The back of the movement is embellished with Côtes de Genève. These are achieved by hand and measure 2.4mm wide. Such a combination of decorations transforms the movement. Rays of light dart from it, while the succession of different surfaces creates a fascinating visual effect. 

A pure dial 

This meeting of minds several centuries apart is also evidenced by the dial. Whereas previous collections by Manufacture Royale intentionally left the movement in full view, here it is entirely covered by the dial with just an opening at 7 o'clock through which to admire the pulsations of the flying tourbillon. Opaline silvered or anthracite, depending on the version, it is circled by hour markers which have been diamond-polished by hand. The centre of the dial is purposely free from embellishment or inscription so that its colour and texture can be fully appreciated. "Manufacture Royale"is written in capital letters around the flying tourbillon together with the name of the collection, “1770”. A second iteration proposes an openworked, slate-coloured dial with different forms. More striking, its various levels lend a bolder technical dimension and offer glimpses of the movement.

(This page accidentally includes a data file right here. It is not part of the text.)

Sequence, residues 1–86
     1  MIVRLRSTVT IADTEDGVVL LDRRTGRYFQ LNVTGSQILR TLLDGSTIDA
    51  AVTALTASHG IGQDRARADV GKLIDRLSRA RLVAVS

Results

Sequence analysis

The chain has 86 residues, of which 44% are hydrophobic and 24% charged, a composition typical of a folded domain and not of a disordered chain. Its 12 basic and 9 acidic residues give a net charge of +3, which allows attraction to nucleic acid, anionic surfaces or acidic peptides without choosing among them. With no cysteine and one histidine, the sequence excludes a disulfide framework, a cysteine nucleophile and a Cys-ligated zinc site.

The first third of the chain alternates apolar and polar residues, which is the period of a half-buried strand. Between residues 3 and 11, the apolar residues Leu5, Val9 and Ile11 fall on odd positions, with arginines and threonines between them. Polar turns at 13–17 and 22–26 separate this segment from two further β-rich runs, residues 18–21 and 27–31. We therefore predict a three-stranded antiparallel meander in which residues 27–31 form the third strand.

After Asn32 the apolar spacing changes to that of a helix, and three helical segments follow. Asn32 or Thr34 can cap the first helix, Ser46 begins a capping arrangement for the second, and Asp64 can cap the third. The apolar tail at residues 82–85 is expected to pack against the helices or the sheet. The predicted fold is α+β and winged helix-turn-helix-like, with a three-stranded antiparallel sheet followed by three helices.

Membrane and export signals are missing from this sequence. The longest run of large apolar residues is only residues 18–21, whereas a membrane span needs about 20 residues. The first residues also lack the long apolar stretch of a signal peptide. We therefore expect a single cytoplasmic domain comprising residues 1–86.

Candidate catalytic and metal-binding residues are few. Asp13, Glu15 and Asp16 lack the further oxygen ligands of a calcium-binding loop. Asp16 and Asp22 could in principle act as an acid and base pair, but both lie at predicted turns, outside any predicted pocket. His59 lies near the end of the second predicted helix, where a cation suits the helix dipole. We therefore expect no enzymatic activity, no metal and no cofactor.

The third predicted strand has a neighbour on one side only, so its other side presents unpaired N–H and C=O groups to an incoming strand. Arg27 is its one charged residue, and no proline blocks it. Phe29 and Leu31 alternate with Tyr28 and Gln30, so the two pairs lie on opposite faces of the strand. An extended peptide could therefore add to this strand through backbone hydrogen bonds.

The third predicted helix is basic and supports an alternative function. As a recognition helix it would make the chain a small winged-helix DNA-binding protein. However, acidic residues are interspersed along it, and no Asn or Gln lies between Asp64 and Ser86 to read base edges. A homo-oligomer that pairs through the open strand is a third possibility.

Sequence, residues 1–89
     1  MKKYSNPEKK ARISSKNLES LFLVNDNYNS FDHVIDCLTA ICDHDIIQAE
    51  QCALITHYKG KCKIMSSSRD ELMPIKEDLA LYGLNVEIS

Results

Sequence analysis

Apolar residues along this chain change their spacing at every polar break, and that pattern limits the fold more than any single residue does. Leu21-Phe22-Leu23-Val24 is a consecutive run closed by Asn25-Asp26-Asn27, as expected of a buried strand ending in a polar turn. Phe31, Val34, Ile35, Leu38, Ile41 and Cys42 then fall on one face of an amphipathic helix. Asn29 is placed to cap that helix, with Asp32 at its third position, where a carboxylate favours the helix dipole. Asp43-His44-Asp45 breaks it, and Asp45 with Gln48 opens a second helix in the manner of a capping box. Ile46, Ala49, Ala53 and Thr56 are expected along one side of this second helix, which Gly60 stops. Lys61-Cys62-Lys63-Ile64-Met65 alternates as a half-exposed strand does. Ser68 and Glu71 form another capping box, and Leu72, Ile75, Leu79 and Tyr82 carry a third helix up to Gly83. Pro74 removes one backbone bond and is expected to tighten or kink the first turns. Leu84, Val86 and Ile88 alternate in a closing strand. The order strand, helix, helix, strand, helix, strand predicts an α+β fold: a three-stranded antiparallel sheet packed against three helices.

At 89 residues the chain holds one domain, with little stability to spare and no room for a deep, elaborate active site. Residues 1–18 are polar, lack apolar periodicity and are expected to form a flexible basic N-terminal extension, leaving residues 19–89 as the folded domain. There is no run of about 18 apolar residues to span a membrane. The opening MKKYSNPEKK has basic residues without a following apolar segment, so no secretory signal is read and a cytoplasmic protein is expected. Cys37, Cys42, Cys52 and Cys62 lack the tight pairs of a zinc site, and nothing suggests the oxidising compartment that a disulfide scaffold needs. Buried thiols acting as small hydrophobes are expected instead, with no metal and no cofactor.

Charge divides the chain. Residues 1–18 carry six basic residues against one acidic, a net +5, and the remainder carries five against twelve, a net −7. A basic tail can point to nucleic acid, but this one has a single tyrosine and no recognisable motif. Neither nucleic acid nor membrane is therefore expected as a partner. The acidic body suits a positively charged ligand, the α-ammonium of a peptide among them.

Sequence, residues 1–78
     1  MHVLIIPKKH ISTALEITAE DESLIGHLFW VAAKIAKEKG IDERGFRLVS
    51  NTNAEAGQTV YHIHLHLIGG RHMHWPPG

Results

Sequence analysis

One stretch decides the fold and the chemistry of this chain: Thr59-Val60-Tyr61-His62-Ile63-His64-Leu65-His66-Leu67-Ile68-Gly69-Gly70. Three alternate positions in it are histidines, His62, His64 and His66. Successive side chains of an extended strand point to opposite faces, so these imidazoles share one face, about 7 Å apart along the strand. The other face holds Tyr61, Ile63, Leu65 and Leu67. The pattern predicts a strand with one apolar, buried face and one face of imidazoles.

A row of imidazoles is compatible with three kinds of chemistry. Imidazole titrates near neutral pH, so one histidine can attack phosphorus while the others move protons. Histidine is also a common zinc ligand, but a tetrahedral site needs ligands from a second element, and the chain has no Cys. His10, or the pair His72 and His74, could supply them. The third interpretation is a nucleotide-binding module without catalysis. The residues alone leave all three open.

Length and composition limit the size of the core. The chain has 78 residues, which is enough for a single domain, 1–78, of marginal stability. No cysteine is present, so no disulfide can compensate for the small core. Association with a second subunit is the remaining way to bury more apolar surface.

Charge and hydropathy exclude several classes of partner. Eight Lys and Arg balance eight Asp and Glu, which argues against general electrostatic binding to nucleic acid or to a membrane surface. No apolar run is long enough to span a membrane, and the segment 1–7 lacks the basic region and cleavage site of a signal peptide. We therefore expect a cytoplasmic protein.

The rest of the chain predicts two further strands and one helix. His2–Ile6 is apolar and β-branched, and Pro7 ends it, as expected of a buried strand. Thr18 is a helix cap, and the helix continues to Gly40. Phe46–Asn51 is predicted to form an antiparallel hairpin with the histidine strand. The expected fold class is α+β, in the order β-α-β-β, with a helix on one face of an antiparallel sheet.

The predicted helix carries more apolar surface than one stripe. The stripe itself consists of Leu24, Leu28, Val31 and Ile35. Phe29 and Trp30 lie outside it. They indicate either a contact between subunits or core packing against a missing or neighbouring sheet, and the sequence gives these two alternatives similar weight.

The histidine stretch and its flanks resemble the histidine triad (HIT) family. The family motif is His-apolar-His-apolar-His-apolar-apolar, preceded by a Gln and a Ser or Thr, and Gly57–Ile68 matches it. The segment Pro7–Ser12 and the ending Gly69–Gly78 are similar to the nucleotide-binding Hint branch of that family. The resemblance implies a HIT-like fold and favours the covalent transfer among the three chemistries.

The sword-shaped hands are partly satin-finished and partly polished for easy legibility. 

A suspended case 

Manufacture Royale is also known for the complexity and immediately identifiable design of its watches' exteriors. Comprising a great many carefully executed and hand-finished parts, they are constructed in accordance with a pre-defined principle: the movement is housed inside a case, which in turn is contained in a sometimes mobile structure. A hallmark of Manufacture Royale, this principle is captured in its essence by the 1770. Two beautifully proportioned brancards hug the case. Secured by functional, visible screws, they extend beyond it, then gently curve to form the lugs. 

The eye is drawn along a succession of smooth curves, beginning with the domed crystal that protects the dial, whose gadrooned bezel delicately overflows to form a rim. Embodied by the brancards, the case middle shows rounded flanks. The crown is polished with the initials "MR" engraved in its centre. The back of the case is entirely open to reveal the splendour of the movement. Alternating polished, straight-grained and satin finishes, the exterior of the 1770 watch is a consummate example of Swiss haute horlogerie in both its aesthetic, imagined by the acclaimed watch designer Eric Giroud, and the flawless crafting and finishing of its parts. Made from 20 separate elements, the case measures 43mm in diameter.

The 1770 watch in steel comes with an anthracite or openworked, slate-coloured dial while the rose gold case is matched with an opaline silvered dial. All versions are proposed with an alligator strap with alligator lining and a pin buckle fastening.

It’s all Voltaire’s fault!